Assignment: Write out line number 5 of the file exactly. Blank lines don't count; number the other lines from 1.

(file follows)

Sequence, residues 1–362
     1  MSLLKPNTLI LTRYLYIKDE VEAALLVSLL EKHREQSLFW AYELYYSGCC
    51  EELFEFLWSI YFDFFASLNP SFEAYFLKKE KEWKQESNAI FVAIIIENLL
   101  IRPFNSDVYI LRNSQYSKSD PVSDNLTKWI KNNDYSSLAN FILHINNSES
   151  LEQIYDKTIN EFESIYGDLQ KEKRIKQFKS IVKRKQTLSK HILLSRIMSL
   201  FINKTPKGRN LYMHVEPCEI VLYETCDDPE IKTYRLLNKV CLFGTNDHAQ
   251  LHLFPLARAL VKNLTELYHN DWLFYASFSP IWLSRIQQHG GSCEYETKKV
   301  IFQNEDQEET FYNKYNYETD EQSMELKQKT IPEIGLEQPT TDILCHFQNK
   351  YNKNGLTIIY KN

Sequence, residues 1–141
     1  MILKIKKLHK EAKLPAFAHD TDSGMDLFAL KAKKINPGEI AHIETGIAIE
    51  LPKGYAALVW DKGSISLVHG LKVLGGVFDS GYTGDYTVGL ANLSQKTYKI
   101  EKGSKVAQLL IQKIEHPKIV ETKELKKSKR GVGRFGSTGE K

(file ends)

   151  LEQIYDKTIN EFESIYGDLQ KEKRIKQFKS IVKRKQTLSK HILLSRIMSL